Hunter Biden Has Left Lobbying to Become a Fine Artist. So What Does the Art World Think of Joe Biden’s Son’s Work?
Biden says his practice of making blown ink abstractions on paper helped him in his struggle with addiction.
We learned a lot about Hunter Biden in the wake of the scandal that saw President Trump attempting to strong-arm Ukraine into investigating the son of former Vice President Joe Biden, who could be running against Trump for the presidency later this year if he wins the democratic nomination.
But in all the unearthed stories about Hunter Biden’s struggles with addiction, the child he fathered with a stripper while dating the widow of his deceased brother, Beau Biden, one tidbit that might have gotten lost in the shuffle is that he is also an artist.
In a profile published today in the New York Times, Biden, who turned 50 this month, discusses his burgeoning practice of making blown ink abstractions on paper.
Inviting the newspaper into his pool house-turned-art studio in the Hollywood Hills of Los Angeles, Biden explains how art helped him overcome addiction and provided a kind of sanctuary while his name was paraded across the tabloids. He also demonstrated his technique of blowing alcoholic ink with a metal straw, saturating Japanese Yupo paper with spore-like rings of muted color.
The occasion marked the first time that Biden has shared his work with the world. “For years I wouldn’t call myself an artist,” said Biden, who has previously worked as a lobbyist, a venture capitalist, and an investor. “Now I feel comfortable saying it.”
While Biden has been earnest in his embrace of art, the industry has been more reticent to embrace him. Employing an accomplished film producer as an ad-hoc agent last year, Biden went on a campaign to sign with a gallery, but found no takers.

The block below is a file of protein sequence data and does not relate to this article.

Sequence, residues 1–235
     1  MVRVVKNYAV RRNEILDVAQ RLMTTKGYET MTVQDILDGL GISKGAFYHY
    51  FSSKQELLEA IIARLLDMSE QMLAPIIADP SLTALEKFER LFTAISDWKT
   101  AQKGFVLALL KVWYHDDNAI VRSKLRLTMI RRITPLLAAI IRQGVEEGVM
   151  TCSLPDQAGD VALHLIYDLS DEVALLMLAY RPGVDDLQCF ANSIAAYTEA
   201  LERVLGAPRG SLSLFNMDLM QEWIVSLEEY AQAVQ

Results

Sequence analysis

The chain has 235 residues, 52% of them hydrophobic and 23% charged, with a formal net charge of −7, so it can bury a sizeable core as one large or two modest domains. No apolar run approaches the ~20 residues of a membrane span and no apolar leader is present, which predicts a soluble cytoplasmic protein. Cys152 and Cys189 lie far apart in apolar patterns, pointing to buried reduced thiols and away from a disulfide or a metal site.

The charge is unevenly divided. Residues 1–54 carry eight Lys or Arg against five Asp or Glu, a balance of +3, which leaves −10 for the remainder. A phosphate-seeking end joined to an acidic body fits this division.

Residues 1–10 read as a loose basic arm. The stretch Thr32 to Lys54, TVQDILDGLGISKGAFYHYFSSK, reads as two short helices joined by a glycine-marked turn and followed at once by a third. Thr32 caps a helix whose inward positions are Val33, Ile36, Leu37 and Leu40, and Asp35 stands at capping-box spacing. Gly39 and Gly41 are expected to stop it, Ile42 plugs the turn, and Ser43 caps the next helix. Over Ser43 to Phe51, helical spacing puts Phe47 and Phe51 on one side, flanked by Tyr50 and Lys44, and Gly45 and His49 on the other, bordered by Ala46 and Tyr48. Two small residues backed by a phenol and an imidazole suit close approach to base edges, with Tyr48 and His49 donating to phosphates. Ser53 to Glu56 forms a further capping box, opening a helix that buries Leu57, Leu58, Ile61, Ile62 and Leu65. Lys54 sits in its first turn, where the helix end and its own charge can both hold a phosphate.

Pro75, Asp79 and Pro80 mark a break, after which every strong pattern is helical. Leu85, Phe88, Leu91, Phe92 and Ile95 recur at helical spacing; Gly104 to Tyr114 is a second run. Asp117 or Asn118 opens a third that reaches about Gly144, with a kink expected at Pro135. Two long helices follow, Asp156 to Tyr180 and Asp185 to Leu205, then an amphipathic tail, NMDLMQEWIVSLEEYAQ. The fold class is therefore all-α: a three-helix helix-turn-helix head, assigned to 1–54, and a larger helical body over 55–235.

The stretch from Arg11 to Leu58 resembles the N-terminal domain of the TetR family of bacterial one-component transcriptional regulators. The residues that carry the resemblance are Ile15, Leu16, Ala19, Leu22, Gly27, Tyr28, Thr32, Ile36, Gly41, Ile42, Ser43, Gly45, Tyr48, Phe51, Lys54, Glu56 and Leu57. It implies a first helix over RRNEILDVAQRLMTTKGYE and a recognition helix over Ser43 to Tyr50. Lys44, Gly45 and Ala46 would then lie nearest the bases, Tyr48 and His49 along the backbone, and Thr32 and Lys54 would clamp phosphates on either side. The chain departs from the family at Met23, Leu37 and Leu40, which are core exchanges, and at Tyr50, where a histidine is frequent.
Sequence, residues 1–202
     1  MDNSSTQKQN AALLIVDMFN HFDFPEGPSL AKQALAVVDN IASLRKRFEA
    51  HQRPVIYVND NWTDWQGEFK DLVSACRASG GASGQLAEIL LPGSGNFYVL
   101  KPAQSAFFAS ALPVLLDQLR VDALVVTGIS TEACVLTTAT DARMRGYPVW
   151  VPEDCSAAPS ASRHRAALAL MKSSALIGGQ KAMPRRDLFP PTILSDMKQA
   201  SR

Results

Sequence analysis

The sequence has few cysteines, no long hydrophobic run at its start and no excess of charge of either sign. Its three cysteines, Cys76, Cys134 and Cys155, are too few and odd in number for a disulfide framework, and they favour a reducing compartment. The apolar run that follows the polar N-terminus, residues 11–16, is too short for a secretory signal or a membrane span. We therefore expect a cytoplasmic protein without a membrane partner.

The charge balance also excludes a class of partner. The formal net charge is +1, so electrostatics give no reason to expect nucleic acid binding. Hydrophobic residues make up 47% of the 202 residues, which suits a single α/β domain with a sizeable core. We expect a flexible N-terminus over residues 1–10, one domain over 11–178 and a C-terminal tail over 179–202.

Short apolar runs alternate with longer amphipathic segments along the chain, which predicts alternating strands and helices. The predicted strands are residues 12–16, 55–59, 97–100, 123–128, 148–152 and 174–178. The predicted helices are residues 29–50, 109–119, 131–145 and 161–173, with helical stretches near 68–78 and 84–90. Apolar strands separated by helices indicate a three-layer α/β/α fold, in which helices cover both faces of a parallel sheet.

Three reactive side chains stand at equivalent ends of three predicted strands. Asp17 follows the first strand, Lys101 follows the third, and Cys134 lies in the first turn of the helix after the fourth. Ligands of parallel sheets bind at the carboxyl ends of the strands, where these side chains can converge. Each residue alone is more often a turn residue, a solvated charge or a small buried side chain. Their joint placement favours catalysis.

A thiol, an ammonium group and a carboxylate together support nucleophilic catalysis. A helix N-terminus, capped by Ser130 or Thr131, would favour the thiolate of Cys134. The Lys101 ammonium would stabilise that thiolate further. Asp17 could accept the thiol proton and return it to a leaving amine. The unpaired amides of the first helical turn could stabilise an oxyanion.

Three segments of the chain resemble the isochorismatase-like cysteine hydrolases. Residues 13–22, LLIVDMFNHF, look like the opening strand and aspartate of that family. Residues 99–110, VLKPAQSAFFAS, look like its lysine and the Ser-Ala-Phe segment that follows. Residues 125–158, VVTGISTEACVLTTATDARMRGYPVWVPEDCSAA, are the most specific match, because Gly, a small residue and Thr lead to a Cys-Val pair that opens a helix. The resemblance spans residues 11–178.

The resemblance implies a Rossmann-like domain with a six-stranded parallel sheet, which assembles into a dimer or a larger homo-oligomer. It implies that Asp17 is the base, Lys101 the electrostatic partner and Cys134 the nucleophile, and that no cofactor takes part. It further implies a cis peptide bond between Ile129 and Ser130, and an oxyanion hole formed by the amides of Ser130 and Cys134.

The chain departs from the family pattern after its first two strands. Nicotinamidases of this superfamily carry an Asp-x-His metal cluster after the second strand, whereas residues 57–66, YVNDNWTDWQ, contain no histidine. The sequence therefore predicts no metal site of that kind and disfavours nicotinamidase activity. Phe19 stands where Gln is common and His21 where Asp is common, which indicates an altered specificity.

Critics, too, seem unenthused. “Generic Post Zombie Formalism illustration” is how Jerry Saltz, New York magazine critic and author of the forthcoming book How to Be an Artist, characterized Biden’s work in an email to Artnet News.
Saltz also offered a few words of advice: “Lose the big signature at once; forget the Kusama dots altogether; experiment with the surface and color and tools. Really consider the whole-page as a space and not make everything derivative all-over composition. The background doesn’t always have to be white, you big baby.”
Meanwhile, art critic Scott Indrisek, former deputy editor of Artsy, had this to say: “Hunter’s paintings have a kind of vaguely scientific, vaguely psychedelic vibe that reminds me of Fred Tomaselli—if Fred Tomaselli started making art for dermatologists’ waiting rooms. But then again, the process here seems more important than the finished product. I guess it’s important that wounded men of a certain age and privileged background have the opportunity to find themselves creatively… it’s just too bad that everyone else is expected to pay attention.”
Artnet News’s own art critic Ben Davis had a somewhat more favorable response: “As digital images, at least, they are pleasing. It’s hard to say what they look like without seeing how the actual paper holds the ink. You can’t really judge it from your desktop.”
“It doesn’t seem like there’s a style or a theme, just a kind of seeing-what-pattern-the-ink-suggests kind of thing,” Davis added. “It seems like he’s trying to occupy his mind, and three of the four you see kind of read as trying to fill up the empty space and to make some structure out of a mess—so pretty allegorical in terms of where he finds himself.”
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